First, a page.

One of the pleasures of walking into a library during the 1980s was the sheer abundance of newspapers on display. Even in small towns, one could check out the news from around the state, the nation, and even from obscure corners abroad. Newspapers for iPad, a $2 offering from developer David Earnest, tries to duplicate that experience by serving as a portal to more than 4,000 newspapers in the United States and around the world.
Navigating the app is a nifty experience. You can start exploring by picking one of the continents, then a country within a continent, then from a list of newspapers within the country. (In the United States, you can also select newspapers by state.) If you find a newspaper you like, you can star it for later visits. While there’s nothing wrong with Newspapers’ in-app browser, the app lets you open links in Safari. You can also e-mail story links or save pages to Instapaper.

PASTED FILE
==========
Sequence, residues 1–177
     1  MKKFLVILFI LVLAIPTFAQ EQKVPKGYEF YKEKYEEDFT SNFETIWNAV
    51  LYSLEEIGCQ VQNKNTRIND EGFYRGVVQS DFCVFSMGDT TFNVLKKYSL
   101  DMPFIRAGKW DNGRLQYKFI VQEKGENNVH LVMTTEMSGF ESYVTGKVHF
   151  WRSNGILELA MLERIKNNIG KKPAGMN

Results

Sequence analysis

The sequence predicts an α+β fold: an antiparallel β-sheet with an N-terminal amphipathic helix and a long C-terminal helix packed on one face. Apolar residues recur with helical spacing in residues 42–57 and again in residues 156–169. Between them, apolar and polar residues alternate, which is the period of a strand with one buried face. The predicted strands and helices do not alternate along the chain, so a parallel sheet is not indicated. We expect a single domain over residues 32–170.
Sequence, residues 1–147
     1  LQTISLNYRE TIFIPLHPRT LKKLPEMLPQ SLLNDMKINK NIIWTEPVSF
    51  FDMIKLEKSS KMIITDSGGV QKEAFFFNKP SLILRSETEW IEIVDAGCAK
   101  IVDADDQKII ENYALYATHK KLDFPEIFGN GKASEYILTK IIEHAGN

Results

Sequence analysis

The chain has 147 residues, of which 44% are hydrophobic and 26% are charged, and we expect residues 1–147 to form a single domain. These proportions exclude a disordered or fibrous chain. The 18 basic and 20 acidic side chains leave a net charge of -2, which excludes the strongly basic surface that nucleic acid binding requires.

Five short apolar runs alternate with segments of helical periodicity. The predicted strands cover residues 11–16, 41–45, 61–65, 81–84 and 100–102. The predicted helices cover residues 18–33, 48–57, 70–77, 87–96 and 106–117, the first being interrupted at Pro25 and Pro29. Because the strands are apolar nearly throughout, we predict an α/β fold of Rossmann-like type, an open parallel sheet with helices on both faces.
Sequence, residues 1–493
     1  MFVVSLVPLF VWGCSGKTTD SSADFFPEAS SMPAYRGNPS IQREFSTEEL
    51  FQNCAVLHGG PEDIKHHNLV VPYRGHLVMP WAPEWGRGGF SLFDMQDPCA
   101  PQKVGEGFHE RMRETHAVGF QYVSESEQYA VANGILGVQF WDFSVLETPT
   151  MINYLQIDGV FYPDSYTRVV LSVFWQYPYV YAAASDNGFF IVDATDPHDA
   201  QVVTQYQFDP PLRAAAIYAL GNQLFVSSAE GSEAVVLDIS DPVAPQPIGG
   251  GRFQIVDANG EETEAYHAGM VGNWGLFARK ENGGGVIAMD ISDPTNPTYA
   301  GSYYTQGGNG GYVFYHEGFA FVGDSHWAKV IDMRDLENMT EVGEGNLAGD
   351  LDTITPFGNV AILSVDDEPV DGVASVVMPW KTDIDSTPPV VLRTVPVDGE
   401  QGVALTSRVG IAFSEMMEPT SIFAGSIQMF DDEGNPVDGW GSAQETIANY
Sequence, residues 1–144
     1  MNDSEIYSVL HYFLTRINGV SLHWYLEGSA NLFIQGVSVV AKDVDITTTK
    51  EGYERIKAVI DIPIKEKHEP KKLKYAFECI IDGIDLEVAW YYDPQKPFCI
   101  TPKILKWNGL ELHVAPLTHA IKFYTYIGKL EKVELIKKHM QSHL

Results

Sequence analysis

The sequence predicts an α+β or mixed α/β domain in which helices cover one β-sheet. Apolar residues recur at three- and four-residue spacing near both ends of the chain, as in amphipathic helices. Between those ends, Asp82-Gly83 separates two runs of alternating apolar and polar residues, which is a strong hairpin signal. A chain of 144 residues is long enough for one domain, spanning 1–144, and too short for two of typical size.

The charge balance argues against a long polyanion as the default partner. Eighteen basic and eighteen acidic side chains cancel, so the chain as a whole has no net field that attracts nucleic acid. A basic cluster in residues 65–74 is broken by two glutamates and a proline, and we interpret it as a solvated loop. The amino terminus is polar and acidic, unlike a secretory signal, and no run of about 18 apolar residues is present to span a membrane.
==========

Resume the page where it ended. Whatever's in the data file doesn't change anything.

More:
If there’s a shortcoming to be found, it’s that daily newspaper Websites aren’t necessarily print-centered anymore—and the Newspapers app doesn’t really accommodate that. Philadelphia, for example, has two daily newspapers that share a single Web site, Philly.com. You can get there on the app by visiting the Philadelphia Inquirer; try the Philadelphia Daily News, though, and you get a list of stories whose connection to that newspaper isn’t readily apparent.
It’s also true that you could find most of these newspapers online with a little Google detective work—and for free. Still, $2 isn’t a steep price to pay to let Newspapers do the heavy lifting. What Newspapers for iPad does, it does mostly well.
Joel Mathis is a freelance journalist and political columnist for Scripps Howard News Service. He lives in Philadelphia.